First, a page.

Beam (NYSE:BEAM) announced solid first quarter earnings May 2. The Q1 highlight was the performance of its North American business, which delivered huge sales and profit growth over last year. While its home market is humming, business overseas is less than stellar.
Is its North American success enough to make me a buyer? Read on and I'll give you my verdict.
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Beam's first quarter North American revenues increased by 17.5% on a constant currency basis to $363.5 million while operating income grew 25.4% to $123.6 million. On a comparable basis, which adjusts for foreign exchange and acquisition/divestitures, net sales were up 7% in the quarter on top of a 12% increase in Q1 2012. North America accounted for 63% of its overall revenue and 73% of operating profits. Its biggest segment delivered an operating margin improvement of 210 basis points to 34%.
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Driving revenue growth in the first quarter was a number of things, most notably the 44% increase in comparable net sales for Maker's Mark, which witnessed a spike in sales due to Beam's short-lived plan to reduce the alcohol content in the premium bourbon by three percentage points to 42%. The outcry by customers was loud and immediate prompting management to quickly reverse its decision. In the interim, customers were hoarding cases of the stuff made at 45%, just in case. With shortages of the product ongoing, they'll either have to find more distillery space or more likely play around with the size mix to ensure it has enough product. That means you'll see less 1.75 liter bottles and more of the 750 milliliter variety. What ever it does, the product will still be great tasting.
In its Q1 conference call CEO Matt Shattock mentioned that one out of every three drinks in North America is a vodka brand. Flavored vodka, until recently a small part of that growth, is now a much bigger part of overall vodka sales in North America. Five years ago, flavored vodka represented one out of every 10 cases sold; that's now down to one out of every six. Last year it acquired Pinnacle vodka along with Calico Jack rum for $605 million from White Rock Distilleries. Although Pinnacle offers a regular version of Vodka, its calling card is the 30 or so flavors it offers including Cookie Dough and Cotton Candy. With so much riding on the vodka market, this could turn out to be a very important acquisition for its North American business.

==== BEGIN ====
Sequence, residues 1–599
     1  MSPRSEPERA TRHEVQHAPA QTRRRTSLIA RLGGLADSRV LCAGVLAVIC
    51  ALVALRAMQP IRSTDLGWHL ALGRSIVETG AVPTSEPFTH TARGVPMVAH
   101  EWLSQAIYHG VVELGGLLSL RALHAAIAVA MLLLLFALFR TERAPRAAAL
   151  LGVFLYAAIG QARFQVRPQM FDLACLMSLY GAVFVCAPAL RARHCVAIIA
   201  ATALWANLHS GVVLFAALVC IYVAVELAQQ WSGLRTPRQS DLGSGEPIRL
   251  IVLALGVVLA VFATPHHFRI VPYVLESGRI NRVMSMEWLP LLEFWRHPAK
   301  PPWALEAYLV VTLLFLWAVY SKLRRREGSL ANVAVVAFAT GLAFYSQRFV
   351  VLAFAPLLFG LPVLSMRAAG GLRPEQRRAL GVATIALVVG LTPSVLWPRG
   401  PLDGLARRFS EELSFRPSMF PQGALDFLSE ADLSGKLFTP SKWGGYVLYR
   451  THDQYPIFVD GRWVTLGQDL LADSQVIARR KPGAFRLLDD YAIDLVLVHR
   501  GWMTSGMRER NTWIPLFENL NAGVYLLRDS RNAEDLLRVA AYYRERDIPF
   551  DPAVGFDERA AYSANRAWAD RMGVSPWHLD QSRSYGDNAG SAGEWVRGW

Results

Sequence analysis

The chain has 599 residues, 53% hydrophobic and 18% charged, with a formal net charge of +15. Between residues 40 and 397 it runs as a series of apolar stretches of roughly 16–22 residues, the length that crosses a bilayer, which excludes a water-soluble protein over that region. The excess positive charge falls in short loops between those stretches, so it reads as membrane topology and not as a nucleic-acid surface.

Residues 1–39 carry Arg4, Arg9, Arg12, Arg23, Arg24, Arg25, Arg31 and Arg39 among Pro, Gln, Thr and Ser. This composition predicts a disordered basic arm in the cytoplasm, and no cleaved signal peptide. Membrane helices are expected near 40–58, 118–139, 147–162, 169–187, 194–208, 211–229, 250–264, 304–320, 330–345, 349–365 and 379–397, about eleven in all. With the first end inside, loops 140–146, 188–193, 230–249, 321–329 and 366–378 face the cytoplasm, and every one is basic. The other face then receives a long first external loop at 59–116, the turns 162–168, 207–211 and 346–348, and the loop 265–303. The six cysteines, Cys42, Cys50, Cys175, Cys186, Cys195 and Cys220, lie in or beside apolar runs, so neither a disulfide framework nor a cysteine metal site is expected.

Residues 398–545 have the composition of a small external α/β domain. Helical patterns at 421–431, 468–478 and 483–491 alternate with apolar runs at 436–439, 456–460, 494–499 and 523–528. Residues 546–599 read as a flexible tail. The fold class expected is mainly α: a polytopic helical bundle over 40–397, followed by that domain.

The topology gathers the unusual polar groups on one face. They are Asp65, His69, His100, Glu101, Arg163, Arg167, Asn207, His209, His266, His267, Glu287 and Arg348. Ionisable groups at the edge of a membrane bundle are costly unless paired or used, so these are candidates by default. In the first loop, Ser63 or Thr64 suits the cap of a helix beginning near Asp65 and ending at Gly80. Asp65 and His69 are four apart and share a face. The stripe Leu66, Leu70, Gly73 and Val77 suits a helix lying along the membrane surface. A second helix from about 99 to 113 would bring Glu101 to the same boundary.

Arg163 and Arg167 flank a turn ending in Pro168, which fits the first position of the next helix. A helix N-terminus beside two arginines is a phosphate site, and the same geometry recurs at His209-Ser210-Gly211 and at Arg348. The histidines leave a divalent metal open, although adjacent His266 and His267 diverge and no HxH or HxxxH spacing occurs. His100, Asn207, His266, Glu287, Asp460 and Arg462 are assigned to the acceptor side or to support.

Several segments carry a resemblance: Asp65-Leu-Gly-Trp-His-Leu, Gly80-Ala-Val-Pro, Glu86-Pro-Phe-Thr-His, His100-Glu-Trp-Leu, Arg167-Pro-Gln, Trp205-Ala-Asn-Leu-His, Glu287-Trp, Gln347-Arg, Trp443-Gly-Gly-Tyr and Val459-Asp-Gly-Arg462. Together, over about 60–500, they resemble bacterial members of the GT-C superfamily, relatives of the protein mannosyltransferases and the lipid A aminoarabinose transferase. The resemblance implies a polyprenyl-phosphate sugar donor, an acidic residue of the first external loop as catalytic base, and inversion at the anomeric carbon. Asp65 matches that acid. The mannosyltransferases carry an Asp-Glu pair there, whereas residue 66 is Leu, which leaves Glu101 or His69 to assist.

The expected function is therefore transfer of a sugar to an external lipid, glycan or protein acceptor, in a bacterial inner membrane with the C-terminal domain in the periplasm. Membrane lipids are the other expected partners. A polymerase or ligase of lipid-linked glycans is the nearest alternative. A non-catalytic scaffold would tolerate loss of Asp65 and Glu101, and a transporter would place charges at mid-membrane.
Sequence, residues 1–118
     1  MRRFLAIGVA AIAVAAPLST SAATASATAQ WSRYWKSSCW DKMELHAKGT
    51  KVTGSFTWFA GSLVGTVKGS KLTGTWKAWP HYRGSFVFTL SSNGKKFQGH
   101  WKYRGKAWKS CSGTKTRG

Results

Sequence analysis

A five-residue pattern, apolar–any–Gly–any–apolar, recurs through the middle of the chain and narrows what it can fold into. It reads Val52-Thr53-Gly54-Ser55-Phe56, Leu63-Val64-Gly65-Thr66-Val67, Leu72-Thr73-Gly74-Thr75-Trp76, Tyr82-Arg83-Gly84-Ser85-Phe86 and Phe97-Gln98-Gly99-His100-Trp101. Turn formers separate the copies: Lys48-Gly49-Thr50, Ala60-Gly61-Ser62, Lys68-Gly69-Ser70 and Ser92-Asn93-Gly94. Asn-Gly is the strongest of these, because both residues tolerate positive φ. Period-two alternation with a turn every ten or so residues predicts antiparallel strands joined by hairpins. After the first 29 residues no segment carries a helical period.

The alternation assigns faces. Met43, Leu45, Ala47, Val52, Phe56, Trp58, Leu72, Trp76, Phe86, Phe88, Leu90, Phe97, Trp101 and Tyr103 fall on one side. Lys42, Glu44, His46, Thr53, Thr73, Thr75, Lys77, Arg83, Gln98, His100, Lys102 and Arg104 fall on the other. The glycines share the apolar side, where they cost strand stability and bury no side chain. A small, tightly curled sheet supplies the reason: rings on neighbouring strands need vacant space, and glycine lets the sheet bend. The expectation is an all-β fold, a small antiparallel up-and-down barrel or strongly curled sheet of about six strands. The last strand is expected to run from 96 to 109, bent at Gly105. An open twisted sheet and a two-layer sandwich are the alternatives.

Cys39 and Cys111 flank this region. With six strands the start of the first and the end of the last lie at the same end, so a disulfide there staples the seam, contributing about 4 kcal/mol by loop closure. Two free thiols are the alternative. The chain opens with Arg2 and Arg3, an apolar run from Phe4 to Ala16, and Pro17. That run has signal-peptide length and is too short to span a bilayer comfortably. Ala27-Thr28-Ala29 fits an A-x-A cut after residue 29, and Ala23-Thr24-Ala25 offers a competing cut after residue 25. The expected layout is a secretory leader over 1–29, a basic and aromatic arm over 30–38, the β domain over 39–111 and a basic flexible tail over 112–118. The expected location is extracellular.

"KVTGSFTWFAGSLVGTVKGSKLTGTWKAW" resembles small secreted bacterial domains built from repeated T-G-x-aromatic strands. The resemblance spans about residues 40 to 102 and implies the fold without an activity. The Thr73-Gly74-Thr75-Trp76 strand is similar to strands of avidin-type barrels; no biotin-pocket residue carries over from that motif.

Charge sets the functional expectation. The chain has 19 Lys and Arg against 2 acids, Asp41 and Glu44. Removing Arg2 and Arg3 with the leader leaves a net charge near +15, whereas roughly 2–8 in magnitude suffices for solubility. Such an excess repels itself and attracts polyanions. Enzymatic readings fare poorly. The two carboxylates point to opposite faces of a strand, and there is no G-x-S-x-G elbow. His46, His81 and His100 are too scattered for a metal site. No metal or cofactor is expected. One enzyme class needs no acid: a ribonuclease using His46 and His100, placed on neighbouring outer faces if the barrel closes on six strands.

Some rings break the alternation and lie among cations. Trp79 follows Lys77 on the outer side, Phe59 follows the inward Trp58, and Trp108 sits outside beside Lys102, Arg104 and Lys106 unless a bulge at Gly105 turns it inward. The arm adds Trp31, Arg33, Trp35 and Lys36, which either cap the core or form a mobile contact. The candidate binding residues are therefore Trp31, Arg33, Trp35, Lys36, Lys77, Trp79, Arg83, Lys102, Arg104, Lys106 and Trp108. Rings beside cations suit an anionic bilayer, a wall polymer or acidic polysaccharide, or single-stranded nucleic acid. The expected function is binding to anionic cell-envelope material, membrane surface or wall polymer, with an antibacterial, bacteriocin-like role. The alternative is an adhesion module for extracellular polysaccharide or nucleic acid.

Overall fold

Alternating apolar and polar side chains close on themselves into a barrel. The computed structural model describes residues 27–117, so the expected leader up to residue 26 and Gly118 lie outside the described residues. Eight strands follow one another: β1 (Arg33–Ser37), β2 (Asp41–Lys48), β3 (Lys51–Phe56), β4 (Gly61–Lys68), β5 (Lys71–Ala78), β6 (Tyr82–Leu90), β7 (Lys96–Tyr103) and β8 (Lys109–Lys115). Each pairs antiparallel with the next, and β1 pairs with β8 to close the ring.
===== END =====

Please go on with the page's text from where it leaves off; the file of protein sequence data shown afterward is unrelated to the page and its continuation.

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While Pinnacle achieved 8% net sales growth in the first quarter, the second best performance of its seven power brands, it was Skinnygirl, one of its rising stars that catches your eye with 140% growth. In 2011, Beam acquired the brand from Bethenny Frankel, the former reality TV star, for somewhere north of $46 million. At the time Frankel's only product was a ready-to-drink low-calorie Margarita. Now it has flavored vodka's, a bunch of ready-to-drink cocktails and three varieties of wine. With Beam's management and muscle it's not hard to understand why the brand's seeing so much growth. It's catering to women and winning large.
Rest of the World
Beam's biggest red flag is in India where it's basically had to rebuilt its business from the ground up after a whistleblower exposed some irregularities in its business there. While India only accounts for 2% of its overall revenue, it's a blow to its ambitions in emerging markets. The company intends to generate 25% if its long-term growth from places like India and Russia. With India still being resolved, the emerging markets that appear to be delivering growth at this time include Mexico and China, where it achieved 50% growth in 2012. Although India's got problems right now, its Teachers brand is the number one whisky there and soon Beam will introduce Jim Beam into the country. Overall, business is steady, if not spectacular.
Although its Europe, Middle East and Africa (EMEA) segment saw comparable net sales in the first quarter increase by just 1%, its operating income jumped 42% year-over-year to $24.7 million. Even more impressive was its operating margin of 23.4%, 720 basis points higher than the year before. Its top line might not be exploding, but given the European economy, you really have to like its profitability. Once Europe gets back on its feet growth should resume. The rest of the world accounts for just 37% of revenue and 27% of operating profits. It would be nice if it could boost both of those numbers closer to 50%. That said, it doesn't need to in order to grow as the first quarter demonstrates.
Beam is the fifth largest spirits company in the world behind Diageo (NYSE:DEO), Pernod-Ricard (OTC:PDRDY), Bacardi and Brown-Forman (NYSE:BF.B), maker of Jack Daniel's. Despite the weakness outside North America its business is on solid footing; likely a big acquisition target, it acts as a floor for its stock price.
Year-to-date it's underperforming its wine and distillery peers. Given its strong North American business combined with better prospects overseas in the second half of the year, I'd expect that its stock will be well into double-digit returns by the end of 2013.
So yes, you should buy its stock.
At the time of writing, Will Ashworth did not own any shares in any company mentioned in this article.
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